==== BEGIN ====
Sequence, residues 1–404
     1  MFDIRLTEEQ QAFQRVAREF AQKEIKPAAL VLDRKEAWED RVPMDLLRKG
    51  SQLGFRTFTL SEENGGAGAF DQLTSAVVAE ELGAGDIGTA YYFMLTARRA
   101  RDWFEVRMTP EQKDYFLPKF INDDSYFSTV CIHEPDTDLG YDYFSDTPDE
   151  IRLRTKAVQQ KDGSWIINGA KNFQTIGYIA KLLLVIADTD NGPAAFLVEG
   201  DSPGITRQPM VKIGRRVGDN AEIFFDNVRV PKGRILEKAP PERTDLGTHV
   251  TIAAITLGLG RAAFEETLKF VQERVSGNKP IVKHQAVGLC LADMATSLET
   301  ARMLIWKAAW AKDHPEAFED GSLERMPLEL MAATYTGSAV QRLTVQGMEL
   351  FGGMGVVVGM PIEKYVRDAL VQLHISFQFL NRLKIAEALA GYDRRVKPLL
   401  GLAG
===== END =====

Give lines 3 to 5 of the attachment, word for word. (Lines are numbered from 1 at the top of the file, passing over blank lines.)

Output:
    51  SQLGFRTFTL SEENGGAGAF DQLTSAVVAE ELGAGDIGTA YYFMLTARRA
   101  RDWFEVRMTP EQKDYFLPKF INDDSYFSTV CIHEPDTDLG YDYFSDTPDE
   151  IRLRTKAVQQ KDGSWIINGA KNFQTIGYIA KLLLVIADTD NGPAAFLVEG